second incident defendant cites as a reason for
plaintiff's termination occurred following a situation on
June 8, 2015, in which two youths escaped from IYC-St.
Charles housing. One made it off the premises. All members of
the IYC-St. Charles leadership team, including plaintiff,
were summoned to the facility. On the afternoon of June 9,
2015, a meeting of leadership staff occurred to establish a
command schedule to ensure continuous coverage during this
crisis situation. Plaintiff volunteered to work a shift from
5:00 p.m. until 12:00 a.m. At midnight, Stephanie Lawson
would return to relieve plaintiff of his duties. However, at
8:42 p.m. plaintiff, the highest ranking officer on duty at
the time, left the facility without securing authorization
from Superintendent Bargar or any other member of the
executive team. Plaintiff alleges that he attempted to
contact Superintendent Bargar, but that he could not reach
him. Before leaving, plaintiff turned over control of the
facility to Reception Unit Administrative Supervisor Chris
Voights, a former superintendent. Plaintiff claimed to be
tired as he had gotten less than three hours of sleep over
the past 38 hour period and had forgotten to take his
diabetes medication. Nevertheless, plaintiff left during a
shift he agreed to cover at a critical time for IYC-St.
Charles. Defendant disciplined plaintiff for his conduct
during this incident with a verbal warning.
final incident defendant cites as a basis for plaintiff's
termination occurred on June 26, 2015, when Juvenile Justice
Supervisor Stephen Walker used chemical agents on a youth.
The youth had become violent and upset. Walker and other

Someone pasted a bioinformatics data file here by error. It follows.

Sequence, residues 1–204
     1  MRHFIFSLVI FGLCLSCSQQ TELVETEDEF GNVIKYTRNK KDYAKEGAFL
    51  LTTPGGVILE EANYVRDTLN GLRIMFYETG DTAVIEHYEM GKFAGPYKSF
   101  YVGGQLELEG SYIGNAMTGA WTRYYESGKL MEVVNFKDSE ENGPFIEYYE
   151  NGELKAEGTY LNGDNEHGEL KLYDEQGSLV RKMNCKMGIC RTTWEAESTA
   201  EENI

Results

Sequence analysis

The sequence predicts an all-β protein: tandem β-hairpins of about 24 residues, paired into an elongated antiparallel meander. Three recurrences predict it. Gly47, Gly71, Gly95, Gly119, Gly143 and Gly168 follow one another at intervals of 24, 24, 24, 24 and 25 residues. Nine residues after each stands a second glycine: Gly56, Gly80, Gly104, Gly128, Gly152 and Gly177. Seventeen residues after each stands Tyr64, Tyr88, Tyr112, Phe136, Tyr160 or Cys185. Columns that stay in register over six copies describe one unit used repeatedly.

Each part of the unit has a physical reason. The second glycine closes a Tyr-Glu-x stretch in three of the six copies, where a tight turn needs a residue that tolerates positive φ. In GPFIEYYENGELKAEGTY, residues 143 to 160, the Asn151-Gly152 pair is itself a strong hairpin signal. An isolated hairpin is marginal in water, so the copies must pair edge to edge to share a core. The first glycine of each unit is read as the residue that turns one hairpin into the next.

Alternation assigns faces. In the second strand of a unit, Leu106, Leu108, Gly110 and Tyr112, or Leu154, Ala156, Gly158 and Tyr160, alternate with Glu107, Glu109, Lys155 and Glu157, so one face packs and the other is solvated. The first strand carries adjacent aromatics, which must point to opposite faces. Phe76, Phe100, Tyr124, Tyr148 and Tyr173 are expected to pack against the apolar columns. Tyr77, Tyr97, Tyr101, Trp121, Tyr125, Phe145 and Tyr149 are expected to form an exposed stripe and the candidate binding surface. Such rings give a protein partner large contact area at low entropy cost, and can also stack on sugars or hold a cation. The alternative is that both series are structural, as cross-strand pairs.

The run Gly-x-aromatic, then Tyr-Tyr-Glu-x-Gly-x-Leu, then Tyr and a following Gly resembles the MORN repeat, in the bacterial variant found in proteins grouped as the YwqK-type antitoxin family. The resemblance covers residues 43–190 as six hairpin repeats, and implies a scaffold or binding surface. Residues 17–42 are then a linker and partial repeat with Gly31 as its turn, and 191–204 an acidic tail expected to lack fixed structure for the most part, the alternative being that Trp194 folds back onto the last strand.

security staff contacted plaintiff before he arrived at the
facility to inform him of the escalating situation. Plaintiff
claims he was told the youth was banging his head, pounding
on windows, and kicking doors. Plaintiff took an active role
in managing the situation by directing Walker move the youth
to timeout and later to a more secure room. Upon
plaintiff's arrival at the facility, plaintiff attempted
to deescalate the situation by conversing with the youth in
the youth's holding cell and informing the youth that he
would be moved. The youth became increasingly irate and
Walker administered chemical restraints. Stephanie Lawson was
the DAO in charge of the facility at that time, but the
parties dispute whether DAO Lawson was present at the time at
the time chemicals were used. The parties also dispute which
IYC-St. Charles employee authorized use of chemical agents.
Illinois Administrative Code permits use of chemical agents
on youth only with the authorization of the shift supervisor
or someone with higher authority. The consent decree requires
defendant have policies regarding circumstances when facility
staff are permitted to use pepper spray and mandates an
oversight and discipline system with prompt investigation of
allegations of excessive force. Following the incident,
Deputy Director of Operations, Jesse Montgomery, reviewed the
use of force. In an email exchange between plaintiff and
Montgomery a few days after the incident, plaintiff indicated
that his “only thoughts at that time were to get this
youth out of this room before he hurts himself.”
Montgomery referred the incident for external investigation,
but that investigation was never completed. To the
court's knowledge, no employee was formally disciplined
in this incident.
terminated plaintiff, an at will employee, on July 31, 2015.
The termination letter did not cite a basis for termination
and did not offer any opportunity for appeal or grievance.
Defendant does not recall when the decision to terminate
plaintiff occurred. Within weeks of plaintiff's
termination, Stephanie Lawson was transferred to another
IDOJJ facility and Jeff Bargar was demoted.
his termination, plaintiff filed a charge of discrimination
with the Illinois Department of Human Rights
(“IDHR”) and Equal Employment Opportunity
Commission (“EEOC”). The IDHR and EEOC charge
described plaintiff's issue solely as discharge due to